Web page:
• Depths: Hole U1385A = 0–151.63 mbsf (bottom of hole [BOH]), Hole U1385B = 0–146.30 mbsf (BOH), Hole U1385C = 0–9.92 mbsf (BOH), Hole U1385D = 0–147.02 mbsf (BOH), Hole U1385E = 0–147.26 mbsf (BOH)

  • Age: Holocene to Pleistocene

Lithologies and bedding

The major lithologies in Unit I are very uniform, falling entirely within the nannofossil mud and nannofossil clay classifications (Fig. F6; Table T4). The muds have a slightly greater proportion of silt-sized fraction than the clays. Significant differences exist, however, in carbonate content within this group (23–39 wt%), which yields distinctive color cyclicity. We therefore informally refer to dark and light nannofossil muds and clays in order to emphasize this distinction.

Minor lithologies include those that are more biogenic rich, muddy nannofossil ooze and nannofossil silt, and those that are more terrigenous rich, mud with biogenic grains, sandy silt with nannofossils, and mud with nannofossils. The more terrigenous rich lithologies are only recognized in the upper 25% of lithologic Unit I (specifically in smear slides from Cores 339-U1385A-3H and 4H; Fig. F5; Table T4).

Bedding is very indistinct and nonexistent in parts. The major lithologies are interstratified at the meter scale (typically 1–2 m) of dark- and light-colored sediment, whereas minor lithologies are interstratified at scales ranging from ~1 cm to ~1 m. The contacts between all lithologies are bioturbated and gradational.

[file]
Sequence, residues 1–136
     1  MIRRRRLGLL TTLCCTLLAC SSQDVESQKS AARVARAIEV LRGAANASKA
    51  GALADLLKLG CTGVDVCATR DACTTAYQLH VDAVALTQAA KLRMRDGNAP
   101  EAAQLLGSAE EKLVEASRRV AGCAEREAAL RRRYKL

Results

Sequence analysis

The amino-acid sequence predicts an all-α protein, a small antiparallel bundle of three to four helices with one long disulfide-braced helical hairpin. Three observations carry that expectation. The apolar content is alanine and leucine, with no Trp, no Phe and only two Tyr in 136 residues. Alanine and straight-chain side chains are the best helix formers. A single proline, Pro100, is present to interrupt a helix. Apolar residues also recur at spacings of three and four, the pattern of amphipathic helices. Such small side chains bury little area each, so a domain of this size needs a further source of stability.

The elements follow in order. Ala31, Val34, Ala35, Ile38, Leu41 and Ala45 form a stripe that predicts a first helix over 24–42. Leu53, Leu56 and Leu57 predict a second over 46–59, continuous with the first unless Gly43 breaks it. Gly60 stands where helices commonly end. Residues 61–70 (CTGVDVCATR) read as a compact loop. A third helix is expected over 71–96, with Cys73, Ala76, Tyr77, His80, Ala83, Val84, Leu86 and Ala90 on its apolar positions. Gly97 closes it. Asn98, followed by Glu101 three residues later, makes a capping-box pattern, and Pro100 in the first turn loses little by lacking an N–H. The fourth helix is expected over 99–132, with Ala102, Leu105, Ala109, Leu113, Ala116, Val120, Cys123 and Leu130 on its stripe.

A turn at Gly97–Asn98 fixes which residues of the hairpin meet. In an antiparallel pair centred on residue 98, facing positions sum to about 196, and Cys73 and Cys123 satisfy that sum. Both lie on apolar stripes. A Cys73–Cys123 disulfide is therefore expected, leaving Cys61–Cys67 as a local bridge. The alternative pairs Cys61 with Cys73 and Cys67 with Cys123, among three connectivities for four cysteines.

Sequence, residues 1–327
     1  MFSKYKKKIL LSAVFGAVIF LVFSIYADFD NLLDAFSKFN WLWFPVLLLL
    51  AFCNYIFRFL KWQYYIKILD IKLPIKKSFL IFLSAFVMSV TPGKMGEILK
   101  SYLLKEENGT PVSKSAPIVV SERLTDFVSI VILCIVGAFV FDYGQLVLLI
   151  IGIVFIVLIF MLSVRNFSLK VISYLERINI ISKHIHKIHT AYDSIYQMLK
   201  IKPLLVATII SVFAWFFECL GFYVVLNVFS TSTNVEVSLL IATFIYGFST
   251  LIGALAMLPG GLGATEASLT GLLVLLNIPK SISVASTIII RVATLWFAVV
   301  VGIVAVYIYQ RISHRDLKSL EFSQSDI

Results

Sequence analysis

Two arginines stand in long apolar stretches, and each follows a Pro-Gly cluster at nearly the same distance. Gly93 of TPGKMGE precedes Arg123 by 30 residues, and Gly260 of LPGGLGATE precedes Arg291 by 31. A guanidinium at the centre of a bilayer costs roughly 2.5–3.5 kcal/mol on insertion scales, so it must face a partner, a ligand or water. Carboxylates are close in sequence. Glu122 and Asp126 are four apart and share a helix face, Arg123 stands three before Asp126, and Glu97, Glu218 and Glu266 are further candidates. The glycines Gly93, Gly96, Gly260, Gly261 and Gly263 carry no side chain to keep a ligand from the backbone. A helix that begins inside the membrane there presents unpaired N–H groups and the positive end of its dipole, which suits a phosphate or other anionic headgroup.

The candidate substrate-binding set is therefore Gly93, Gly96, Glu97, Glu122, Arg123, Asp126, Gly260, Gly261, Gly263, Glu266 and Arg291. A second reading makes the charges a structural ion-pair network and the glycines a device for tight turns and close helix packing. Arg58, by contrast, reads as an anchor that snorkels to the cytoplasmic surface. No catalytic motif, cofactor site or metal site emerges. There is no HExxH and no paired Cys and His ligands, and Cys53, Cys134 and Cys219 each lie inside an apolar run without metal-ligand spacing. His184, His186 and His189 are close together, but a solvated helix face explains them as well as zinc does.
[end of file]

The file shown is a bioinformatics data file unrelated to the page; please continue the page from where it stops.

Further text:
Structure and texture

No primary sedimentary structures were observed. Bioturbation is the most obvious secondary sedimentary structure and is present throughout Unit I. The most common indicators are diffuse centimeter-scale mottling and millimeter-scale pyritic burrow fills. Black iron sulfide mottling is also common. Discrete burrows, including Zoophycos, Chondrites, and Planolites, and macroscopic pyritized burrows (Fig. F8) are also common. The bioturbation index ranges from slight to moderate.

Small-scale subvertical microfaults (Fig. F9) and contorted beds are present at several depth intervals that are relatively consistent in two or more holes, recording syn- or postdepositional instability of the sediment column. The distribution of these features is summarized in Table T5, including features at ~39–44 meters composite depth (mcd) in Holes U1385B and U1385D, at ~66–74 mcd in Holes U1385B and U1385D, and at ~105–110 mcd in Holes U1385A, U1385B, and U1385E. One additional zone containing features that may be contorted strata is at ~34 mcd in Holes U1385A, U1385B, and U1385D. The sediment grain size is fine throughout, mostly clay and silty clay (mud). Although subtle textural variation is observed, from more clay rich to more silt rich, it is not yet clear how this varies with respect to composition, color, or other changes.


The principal components of all lithologies are biogenic and terrigenous. The biogenic fraction is dominated by nannofossils with rare to common foraminifers and rare pteropods, ostracods, diatoms, and sponge spicules. Terrigenous components are dominated by a clay and fine silt–sized fraction, which is indeterminate in smear slides, and by detrital carbonate of indeterminate nature. There are also minor amounts of quartz, mica, volcanic glass, dolomite (both detrital and authigenic), and an opaque mineral fraction. It was recognized later in Expedition 339 that it was difficult to distinguish between volcanic glass and biotite in smear slides, so some of the material identified in this site as volcanic glass may in fact be biotite.